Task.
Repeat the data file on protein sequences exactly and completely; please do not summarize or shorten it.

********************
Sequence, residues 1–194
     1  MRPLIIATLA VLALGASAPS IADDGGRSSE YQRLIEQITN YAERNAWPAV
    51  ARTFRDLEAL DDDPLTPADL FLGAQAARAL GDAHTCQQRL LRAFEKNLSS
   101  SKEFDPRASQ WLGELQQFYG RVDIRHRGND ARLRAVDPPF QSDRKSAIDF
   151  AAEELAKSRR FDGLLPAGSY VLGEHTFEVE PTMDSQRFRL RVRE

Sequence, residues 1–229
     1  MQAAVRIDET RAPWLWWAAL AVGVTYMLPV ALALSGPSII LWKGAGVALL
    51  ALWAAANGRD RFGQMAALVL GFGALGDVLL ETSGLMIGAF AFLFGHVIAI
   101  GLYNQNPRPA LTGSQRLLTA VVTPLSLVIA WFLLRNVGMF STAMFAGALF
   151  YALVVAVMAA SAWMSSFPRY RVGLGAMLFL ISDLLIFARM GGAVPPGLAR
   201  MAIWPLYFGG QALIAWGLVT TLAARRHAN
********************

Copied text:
Sequence, residues 1–194
     1  MRPLIIATLA VLALGASAPS IADDGGRSSE YQRLIEQITN YAERNAWPAV
    51  ARTFRDLEAL DDDPLTPADL FLGAQAARAL GDAHTCQQRL LRAFEKNLSS
   101  SKEFDPRASQ WLGELQQFYG RVDIRHRGND ARLRAVDPPF QSDRKSAIDF
   151  AAEELAKSRR FDGLLPAGSY VLGEHTFEVE PTMDSQRFRL RVRE

Sequence, residues 1–229
     1  MQAAVRIDET RAPWLWWAAL AVGVTYMLPV ALALSGPSII LWKGAGVALL
    51  ALWAAANGRD RFGQMAALVL GFGALGDVLL ETSGLMIGAF AFLFGHVIAI
   101  GLYNQNPRPA LTGSQRLLTA VVTPLSLVIA WFLLRNVGMF STAMFAGALF
   151  YALVVAVMAA SAWMSSFPRY RVGLGAMLFL ISDLLIFARM GGAVPPGLAR
   201  MAIWPLYFGG QALIAWGLVT TLAARRHAN